At the crossing, at the end of the
street, I saw a tram arriving at it's stop. I knew now where I was
and it would be quite a walk to reach an area that I liked better...
Why not, I thought and picked up my speed. Not too much... there's a
tram in the direction of the station every couple of minutes, so
there's no point in running like mad to catch a tram. The driver
however patiently waited and let me hop on. I thanked him and took a
seat. I didn't even check the line number. “Second stop” I said
to myself. “No matter what stop it is, I'll get out and continue my
impro tour of Amsterdam.”
I felt a bit disappointed when I found
myself at the Leidseplein, but this time I stuck to my plan. This
square is always humming with activity and completely surrounded by
large cafes and restaurants. All too obvious, not the kind of small
adventures that I'm looking for. I left the square as quickly as I
could, taking one of the smaller streets.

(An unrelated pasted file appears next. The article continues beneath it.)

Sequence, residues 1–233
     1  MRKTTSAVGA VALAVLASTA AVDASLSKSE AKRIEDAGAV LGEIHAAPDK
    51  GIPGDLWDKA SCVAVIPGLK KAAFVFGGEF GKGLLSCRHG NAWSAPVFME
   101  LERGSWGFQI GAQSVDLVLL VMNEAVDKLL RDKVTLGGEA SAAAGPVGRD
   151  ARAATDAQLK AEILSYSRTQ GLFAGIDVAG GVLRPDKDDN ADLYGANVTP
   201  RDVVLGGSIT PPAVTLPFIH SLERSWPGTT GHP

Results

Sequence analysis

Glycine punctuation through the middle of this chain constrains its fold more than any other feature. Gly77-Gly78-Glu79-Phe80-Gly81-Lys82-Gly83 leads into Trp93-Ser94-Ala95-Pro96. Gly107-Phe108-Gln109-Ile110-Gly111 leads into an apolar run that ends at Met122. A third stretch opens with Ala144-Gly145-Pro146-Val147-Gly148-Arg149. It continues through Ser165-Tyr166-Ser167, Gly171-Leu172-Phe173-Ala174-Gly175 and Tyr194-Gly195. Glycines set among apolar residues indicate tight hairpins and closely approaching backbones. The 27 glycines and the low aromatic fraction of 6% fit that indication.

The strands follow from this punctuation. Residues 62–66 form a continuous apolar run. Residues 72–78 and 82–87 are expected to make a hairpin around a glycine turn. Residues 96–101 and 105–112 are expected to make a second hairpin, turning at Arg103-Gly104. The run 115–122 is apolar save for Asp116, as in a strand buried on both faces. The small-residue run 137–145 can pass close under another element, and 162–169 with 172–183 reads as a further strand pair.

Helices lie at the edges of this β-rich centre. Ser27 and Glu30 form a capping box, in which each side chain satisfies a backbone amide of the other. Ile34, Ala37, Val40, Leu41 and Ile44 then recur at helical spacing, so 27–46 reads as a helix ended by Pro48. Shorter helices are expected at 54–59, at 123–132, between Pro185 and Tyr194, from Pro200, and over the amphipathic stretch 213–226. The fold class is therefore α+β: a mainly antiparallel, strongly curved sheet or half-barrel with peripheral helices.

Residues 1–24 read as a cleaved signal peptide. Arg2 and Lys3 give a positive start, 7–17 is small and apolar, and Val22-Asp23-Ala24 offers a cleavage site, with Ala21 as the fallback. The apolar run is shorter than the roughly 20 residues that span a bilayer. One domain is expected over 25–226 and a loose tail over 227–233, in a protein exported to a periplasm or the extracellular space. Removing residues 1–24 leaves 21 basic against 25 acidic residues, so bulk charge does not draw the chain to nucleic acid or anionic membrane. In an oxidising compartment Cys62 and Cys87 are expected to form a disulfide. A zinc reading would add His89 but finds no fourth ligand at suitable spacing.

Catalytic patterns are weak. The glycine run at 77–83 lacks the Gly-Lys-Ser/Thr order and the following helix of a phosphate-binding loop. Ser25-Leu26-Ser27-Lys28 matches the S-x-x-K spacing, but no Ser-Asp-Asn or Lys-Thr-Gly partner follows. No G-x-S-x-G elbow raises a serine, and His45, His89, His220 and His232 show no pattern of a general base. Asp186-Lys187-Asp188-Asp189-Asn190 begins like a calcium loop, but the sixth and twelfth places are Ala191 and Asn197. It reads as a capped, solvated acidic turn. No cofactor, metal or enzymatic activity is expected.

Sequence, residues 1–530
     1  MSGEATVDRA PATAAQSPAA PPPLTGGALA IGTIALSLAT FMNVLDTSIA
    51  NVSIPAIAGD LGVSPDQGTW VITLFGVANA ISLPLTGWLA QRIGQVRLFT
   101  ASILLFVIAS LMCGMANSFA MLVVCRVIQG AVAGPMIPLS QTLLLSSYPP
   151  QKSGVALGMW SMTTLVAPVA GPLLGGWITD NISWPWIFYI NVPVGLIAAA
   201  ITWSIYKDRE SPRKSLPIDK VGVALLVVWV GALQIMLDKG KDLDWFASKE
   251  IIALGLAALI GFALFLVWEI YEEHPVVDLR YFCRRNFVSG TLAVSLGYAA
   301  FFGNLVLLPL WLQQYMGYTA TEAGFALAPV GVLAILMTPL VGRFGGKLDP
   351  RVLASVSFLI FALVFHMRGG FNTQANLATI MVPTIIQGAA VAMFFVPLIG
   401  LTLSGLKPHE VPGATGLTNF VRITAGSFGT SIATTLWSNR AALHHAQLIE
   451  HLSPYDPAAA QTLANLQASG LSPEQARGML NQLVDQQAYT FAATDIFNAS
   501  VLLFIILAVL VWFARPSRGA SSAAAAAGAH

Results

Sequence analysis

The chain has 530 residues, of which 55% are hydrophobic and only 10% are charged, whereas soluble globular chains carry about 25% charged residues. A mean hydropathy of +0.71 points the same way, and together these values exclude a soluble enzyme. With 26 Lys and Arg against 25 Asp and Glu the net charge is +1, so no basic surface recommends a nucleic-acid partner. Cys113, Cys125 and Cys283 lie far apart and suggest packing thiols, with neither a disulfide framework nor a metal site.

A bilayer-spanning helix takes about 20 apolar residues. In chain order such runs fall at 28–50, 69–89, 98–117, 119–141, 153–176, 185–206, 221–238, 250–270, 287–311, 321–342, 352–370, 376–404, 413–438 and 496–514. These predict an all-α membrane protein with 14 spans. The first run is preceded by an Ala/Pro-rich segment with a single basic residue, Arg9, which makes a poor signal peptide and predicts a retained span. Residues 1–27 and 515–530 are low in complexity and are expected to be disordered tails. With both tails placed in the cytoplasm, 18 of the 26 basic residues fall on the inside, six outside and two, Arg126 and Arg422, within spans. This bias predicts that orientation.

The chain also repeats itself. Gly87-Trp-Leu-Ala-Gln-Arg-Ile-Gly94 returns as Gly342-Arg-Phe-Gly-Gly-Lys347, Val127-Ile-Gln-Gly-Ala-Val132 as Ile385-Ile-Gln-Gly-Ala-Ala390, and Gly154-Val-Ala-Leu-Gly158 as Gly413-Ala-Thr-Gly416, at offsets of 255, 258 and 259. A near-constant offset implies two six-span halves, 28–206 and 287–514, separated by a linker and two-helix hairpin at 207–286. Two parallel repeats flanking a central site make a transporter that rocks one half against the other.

had left the park, so I was entitled to my cup of coffee, but it
wouldn't be in this street I concluded. It held only restaurants
offering food from all corners of the world. Japanese, Brazilian,
Argentinian and a multitude of supposedly Italian restaurants. It was
just after three, but they were all beginning to serve warm meals on
the tiny narrow terraces.
Waiters were standing outside, watching people walk by. I guess they
are supposed to attract customers, a custom I never understood. The
ready-made look is more appalling than welcoming to me.
stomach reminded me that I had taken a tiny and early lunch. Maybe I
should look for a restaurant that still served pistolets or
sandwiches. After having checked out some of the menu's, this idea
was given up. For this street anyway. As I walked on I tried to
recall which streets on my way to the station could have one of those
typical “brown cafes” that would serve just those items.
the corner of my eye, I noticed a pair of dark brown ones. They
belonged to a waiter of yet another Italian restaurant. I wanted to
ignore his look, but he didn't let go, he asked me a question with
his eyes... I shrugged to tell him no. He shrugged too. “Have it
your way” it said. What was happening here? We were having a private